What kinds of specialty paints are out there, and what DIY projects can we use them for? We did some research, then found chalk, chalkboard, whiteboard, and magnetic paints and put them to the test. Read on for the details.

Chalk Paint

Not to be confused with the chalkboard paint. Chalk paint is an ultra-matte paint that gives a chalklike finish. It’s sometimes called “chalked” or “chalky” paint and is most often used as one ingredient in the process of giving furniture a distressed, vintage look—but it can also be used alone to achieve a matte, velvety finish.

Prep work

Chalk paints adhere well, so a primer generally isn’t needed. No stripping, sanding, or priming is needed, but the surface of whatever you’re painting should be clean and dry. If your piece has a dark stain, it’s possible that the stain will bleed through so you should test a small patch before you paint the whole piece. Apply a sealer if it looks like there’ll be a problem.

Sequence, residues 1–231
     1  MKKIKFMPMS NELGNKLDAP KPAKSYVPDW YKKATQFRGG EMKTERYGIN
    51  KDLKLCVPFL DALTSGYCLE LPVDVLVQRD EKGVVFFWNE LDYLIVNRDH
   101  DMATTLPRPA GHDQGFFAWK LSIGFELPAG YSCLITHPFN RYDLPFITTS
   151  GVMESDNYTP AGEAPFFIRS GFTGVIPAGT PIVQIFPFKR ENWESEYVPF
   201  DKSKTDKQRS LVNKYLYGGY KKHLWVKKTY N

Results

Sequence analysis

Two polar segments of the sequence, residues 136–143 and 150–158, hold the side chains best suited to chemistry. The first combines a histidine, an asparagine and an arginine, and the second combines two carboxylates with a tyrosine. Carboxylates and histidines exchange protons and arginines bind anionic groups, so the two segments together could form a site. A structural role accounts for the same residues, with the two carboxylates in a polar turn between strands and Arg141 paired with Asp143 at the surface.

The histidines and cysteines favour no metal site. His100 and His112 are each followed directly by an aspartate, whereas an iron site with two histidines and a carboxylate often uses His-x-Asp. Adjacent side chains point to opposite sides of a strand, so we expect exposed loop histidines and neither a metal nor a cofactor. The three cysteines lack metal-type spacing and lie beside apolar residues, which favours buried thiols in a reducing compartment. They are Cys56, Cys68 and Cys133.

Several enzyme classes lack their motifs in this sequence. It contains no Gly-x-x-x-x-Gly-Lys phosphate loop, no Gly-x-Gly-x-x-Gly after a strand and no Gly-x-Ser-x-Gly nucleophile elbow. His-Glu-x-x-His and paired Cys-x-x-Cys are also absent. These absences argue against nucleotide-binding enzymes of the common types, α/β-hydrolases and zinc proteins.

We like Americana Décor (they used Carbon in the picture above) but there are lots of good options.

Application

Use a brush or roller to apply chalk paint. Most times you’ll only need one coat. If you do decide to use a second coat chalk paint dries quickly so you’ll only need 30 minutes between coats.

Finishing

Additional finishing is necessary, but it will help protect the surface. Try a cream wax (reapply it regularly if the item is heavily used) or a matte varnish for a more durable finish.If you want a distressed look, wait about 30 minutes after applying, then simply wipe portions of the surface with a damp rag until you’re pleased with the look. If the top coat isn’t coming off well (you probably waited too long), try fine-grit sandpaper. If you want to get fancy, you can layer several colors of paint, and distress parts of the top layer so the colors below peek through.

Next: Chalkboard Paint